Disgruntled shareholders call for changes at Dominion Diamond Corp.
Investors will meet with directors in January to outline plan for company's future
A disgruntled group of shareholders is calling for changes at the Dominion Diamond Corporation, the biggest home-grown player in the Northwest Territories diamond industry.
Some shareholders say the company hasn't done enough to prop up the price of its shares.
The company's stock has dropped by about 40 per cent this year.
"Part of the reason Dominion Diamond's stock price is sinking is the perception that the company does not have an aggressive growth strategy," said mining analyst John Kaiser.
"It has the Ekati and Diavik projects, their best times are over, they're in a depletion cycle. And of course [Dominion has] been hit by a weakness in diamond prices."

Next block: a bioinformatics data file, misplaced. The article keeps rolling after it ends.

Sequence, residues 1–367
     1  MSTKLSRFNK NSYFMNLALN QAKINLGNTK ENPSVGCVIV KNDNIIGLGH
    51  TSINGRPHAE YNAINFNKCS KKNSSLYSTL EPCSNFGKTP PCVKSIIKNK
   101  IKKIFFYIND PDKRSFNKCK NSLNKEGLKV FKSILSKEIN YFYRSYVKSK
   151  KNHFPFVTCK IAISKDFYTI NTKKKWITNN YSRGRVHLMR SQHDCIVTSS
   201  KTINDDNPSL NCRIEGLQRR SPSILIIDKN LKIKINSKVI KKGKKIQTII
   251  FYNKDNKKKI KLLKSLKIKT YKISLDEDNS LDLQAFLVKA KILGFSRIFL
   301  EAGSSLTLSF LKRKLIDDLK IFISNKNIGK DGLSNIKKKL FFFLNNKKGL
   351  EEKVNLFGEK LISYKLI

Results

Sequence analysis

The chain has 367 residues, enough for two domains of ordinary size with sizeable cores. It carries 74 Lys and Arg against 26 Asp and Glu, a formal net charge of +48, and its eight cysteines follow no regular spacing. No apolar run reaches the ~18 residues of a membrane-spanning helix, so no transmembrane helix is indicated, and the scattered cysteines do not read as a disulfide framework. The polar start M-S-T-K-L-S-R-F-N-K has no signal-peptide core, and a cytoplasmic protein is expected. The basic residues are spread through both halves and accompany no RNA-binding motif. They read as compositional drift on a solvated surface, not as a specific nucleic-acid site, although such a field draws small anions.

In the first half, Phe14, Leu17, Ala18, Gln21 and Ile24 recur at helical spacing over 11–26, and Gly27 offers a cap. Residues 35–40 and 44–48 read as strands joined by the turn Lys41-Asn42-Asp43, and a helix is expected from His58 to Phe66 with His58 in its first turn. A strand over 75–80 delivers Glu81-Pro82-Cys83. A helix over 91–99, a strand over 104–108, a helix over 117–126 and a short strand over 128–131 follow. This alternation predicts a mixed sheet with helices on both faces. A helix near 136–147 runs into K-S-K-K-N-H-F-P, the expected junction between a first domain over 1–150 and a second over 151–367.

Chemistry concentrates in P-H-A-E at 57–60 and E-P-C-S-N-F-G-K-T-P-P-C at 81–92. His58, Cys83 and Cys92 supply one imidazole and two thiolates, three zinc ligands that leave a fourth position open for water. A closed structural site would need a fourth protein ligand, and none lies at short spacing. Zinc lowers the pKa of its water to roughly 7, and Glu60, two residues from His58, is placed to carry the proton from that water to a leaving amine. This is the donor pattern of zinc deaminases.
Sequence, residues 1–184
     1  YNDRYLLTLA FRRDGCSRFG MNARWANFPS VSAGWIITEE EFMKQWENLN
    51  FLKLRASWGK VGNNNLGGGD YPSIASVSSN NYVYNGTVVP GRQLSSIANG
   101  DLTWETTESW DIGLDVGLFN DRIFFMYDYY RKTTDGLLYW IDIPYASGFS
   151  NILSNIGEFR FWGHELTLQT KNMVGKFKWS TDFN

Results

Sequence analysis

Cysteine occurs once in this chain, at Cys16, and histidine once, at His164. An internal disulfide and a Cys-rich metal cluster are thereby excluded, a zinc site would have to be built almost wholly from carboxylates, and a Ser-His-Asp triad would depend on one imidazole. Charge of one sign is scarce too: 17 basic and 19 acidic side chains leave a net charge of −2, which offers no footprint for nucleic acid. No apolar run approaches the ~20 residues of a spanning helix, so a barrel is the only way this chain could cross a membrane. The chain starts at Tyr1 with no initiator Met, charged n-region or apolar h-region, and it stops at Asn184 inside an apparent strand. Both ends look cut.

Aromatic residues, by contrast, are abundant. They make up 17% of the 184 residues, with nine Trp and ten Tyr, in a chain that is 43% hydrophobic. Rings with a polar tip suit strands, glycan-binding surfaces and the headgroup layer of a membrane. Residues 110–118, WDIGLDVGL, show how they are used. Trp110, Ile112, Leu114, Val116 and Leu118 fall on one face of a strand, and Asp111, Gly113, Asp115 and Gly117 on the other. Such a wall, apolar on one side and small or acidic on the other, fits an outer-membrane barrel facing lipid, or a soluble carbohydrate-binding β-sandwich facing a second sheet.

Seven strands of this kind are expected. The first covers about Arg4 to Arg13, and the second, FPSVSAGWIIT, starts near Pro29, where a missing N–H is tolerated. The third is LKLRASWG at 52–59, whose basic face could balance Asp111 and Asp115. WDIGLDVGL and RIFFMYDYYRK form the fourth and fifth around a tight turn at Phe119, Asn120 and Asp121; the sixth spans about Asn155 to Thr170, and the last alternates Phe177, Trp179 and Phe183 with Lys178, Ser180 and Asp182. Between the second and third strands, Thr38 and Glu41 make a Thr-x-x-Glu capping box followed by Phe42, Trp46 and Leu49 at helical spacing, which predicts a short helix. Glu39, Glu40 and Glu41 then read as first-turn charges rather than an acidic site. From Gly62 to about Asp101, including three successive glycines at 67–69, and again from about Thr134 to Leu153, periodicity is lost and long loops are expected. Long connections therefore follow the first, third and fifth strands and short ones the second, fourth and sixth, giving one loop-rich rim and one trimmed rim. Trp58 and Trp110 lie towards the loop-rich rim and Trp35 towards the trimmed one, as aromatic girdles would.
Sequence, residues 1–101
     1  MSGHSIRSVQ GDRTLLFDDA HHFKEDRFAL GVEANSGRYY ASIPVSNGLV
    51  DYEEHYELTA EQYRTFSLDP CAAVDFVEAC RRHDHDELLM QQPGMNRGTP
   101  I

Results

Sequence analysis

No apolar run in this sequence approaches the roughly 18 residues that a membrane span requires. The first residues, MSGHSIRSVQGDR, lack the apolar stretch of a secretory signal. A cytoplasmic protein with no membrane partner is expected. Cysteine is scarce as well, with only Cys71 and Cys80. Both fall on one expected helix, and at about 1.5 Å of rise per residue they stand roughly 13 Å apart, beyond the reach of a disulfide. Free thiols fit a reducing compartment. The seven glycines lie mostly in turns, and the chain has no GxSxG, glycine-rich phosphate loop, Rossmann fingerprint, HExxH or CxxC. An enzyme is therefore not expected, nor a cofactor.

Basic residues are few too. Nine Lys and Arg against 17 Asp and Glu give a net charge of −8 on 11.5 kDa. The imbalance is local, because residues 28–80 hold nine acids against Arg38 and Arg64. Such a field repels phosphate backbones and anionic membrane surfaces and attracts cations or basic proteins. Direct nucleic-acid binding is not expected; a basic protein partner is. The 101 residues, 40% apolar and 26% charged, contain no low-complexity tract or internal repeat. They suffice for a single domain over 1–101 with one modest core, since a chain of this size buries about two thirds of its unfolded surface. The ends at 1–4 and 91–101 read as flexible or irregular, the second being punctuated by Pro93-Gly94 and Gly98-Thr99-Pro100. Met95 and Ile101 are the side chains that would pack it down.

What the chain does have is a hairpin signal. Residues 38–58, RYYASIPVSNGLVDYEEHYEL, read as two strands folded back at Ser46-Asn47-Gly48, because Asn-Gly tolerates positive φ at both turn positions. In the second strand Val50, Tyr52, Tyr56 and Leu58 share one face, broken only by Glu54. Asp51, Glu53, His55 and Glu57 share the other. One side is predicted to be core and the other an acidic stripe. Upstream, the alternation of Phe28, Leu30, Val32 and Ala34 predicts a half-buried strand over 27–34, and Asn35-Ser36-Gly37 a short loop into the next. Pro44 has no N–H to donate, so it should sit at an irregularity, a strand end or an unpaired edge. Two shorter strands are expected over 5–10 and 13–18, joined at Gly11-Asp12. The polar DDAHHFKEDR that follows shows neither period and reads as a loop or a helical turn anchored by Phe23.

'Misguided policies and missed opportunities'
Shareholders are also upset by a $9.8 million payout to former CEO Robert Gannicott last summer. Gannicott, who remains chairman of the board of directors, received stock benefits as a part of that package, according to regulatory filings.
Shareholders say the drop in the companies shares is the result of "misguided policies and missed opportunities."
They'll meet with company brass in Vancouver Jan. 5 to present Dominion with a plan for the company's path forward.
The man on the hot seat in that meeting will be Brendan Bell, the former N.W.T. cabinet minister who was appointed CEO of Dominion last July.
In a news release, Dominion confirmed it has hired a financing company to look at ways to improve its share price but says no sales of assets are imminent.
And on Dec. 24, the company announced two directors, Fiona Perrott-Humphrey and Ollie Oliveira, have resigned from the board "for personal reasons."